Confirmation Bias & Data Analytics

Confirmation BiasIn what might be the best titled article I’ve read in a while, Vince Kellen writes about the dangers of confirmation bias (or ‘finding what we want to find’) when working with big data.

The article, titled “Big Data and the Mirror of Erised“, Kellen writes:

Being human beings with a tendency to confirm what we so want to have happen or to relive what felt so good in the past, managers often drift into self-sealing and circular analysis that at first doesn’t seem so wrong. Big data has to poke through the subtle and instinctual responses of data denial.

Emphasis mine.

The ability to ‘poke through the subtle and instinctual responses of data denial’ is one of the differences between ‘good’ data science and ‘poor’ data science.  The ability to show people why their bias’ are wrong differentiates a good data scientist from poor one.

Fighting confirmation bias in data science is an ongoing issue that must be addressed in every aspect of data analysis.  To make matters worse, just about every person within an organization has some sort of bias that has the possibility of effecting data analysis within the organization.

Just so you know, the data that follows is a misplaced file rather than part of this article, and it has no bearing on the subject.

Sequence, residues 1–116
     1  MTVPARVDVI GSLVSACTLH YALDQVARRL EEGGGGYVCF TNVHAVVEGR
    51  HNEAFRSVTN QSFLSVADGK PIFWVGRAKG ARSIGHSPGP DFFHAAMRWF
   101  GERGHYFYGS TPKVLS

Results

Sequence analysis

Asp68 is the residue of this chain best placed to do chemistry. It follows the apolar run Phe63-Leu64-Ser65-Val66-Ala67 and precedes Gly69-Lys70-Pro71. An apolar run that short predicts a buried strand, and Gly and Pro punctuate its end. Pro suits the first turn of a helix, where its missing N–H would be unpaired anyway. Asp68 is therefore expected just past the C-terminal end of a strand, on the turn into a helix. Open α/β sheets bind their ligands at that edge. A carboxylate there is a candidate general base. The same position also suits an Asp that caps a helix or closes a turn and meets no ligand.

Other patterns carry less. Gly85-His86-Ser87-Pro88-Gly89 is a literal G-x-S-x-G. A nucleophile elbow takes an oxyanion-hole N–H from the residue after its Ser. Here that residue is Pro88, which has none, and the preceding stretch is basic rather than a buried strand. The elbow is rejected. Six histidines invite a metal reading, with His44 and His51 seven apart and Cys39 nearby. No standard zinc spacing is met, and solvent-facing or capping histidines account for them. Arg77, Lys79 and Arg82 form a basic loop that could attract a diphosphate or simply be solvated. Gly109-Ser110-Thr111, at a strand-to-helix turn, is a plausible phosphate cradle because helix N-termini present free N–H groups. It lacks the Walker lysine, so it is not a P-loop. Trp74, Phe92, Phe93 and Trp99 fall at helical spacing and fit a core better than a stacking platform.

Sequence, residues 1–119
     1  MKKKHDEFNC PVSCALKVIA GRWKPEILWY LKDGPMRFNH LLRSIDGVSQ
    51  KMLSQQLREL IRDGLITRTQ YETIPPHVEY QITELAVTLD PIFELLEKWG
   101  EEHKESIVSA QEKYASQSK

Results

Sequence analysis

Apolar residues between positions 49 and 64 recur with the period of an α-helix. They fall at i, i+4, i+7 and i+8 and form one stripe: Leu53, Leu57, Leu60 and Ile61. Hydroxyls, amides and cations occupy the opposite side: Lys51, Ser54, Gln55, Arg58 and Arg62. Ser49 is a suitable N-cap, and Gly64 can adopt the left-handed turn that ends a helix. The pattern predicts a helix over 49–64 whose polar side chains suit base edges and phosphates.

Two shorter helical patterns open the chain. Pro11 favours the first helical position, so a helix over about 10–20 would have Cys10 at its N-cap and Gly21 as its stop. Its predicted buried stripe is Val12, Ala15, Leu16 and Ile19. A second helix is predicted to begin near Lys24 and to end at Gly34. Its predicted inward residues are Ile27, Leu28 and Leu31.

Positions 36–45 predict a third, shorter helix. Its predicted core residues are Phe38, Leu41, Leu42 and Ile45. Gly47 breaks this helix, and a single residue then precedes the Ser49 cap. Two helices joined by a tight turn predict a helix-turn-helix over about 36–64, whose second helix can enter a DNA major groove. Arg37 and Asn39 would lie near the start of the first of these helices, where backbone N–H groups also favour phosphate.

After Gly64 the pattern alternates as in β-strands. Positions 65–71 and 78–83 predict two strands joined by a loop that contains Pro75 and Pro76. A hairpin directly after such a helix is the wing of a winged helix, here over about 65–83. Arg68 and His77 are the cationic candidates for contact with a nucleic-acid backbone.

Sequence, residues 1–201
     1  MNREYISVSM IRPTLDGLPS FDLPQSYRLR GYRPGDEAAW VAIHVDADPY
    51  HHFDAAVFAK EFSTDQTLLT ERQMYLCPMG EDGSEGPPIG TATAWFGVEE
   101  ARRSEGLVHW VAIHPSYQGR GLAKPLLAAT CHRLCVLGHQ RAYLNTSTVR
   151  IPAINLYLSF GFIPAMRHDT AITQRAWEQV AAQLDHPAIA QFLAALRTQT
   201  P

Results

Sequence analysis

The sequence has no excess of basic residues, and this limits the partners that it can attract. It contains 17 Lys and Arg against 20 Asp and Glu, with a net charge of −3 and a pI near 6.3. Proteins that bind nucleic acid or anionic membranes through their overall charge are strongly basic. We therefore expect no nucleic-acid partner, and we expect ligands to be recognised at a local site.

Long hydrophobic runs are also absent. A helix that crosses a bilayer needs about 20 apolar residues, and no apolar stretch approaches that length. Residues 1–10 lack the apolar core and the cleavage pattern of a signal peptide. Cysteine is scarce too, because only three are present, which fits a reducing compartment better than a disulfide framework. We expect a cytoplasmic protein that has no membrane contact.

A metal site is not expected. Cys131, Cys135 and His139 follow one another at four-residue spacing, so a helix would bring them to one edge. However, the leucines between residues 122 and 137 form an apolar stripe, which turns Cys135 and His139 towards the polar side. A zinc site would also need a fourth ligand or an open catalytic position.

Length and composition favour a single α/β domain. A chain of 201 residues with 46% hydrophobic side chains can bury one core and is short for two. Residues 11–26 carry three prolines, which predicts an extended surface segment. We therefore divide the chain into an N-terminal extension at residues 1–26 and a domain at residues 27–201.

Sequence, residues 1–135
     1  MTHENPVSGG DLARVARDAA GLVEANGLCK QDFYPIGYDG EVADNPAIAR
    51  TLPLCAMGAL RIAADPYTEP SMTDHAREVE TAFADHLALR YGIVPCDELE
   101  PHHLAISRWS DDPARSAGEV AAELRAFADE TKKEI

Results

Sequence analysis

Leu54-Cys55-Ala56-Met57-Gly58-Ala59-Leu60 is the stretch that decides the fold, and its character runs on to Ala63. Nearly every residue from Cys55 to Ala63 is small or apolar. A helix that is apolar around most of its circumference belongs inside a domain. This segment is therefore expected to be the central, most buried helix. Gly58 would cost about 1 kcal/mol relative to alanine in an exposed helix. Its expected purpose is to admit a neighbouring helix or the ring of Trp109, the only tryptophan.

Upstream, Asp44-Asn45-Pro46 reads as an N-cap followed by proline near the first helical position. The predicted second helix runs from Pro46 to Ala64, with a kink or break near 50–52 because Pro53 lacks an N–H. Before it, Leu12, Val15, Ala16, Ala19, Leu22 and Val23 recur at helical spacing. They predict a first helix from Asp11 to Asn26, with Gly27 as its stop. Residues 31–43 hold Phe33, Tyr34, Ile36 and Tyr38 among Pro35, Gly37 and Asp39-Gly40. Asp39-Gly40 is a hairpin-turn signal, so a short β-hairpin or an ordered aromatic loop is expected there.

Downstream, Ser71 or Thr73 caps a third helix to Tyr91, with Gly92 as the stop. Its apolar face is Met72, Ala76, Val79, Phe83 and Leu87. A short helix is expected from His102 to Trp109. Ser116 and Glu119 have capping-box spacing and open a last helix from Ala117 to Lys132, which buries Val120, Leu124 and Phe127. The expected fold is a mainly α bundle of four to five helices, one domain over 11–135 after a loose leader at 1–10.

Kellen writes that “much stands in the way between data and a good decision, most of that being human nature. If organizational leaders can develop a collective, emerging, and self-guiding process for analyzing data, anything is possible.”

Now…I’m not sure what a “collective, emerging and self-guiding process” is exactly, but it sounds good. I think what he’s arguing for is that organizations should open up their data to everyone within the organization and then allow that data to speak for itself as much as possible, the possibility of confirmation bias can be reduced.

Kellen provides some interesting ideas to fighting the bias issue. I highly recommend that you jump over to read his entire article.

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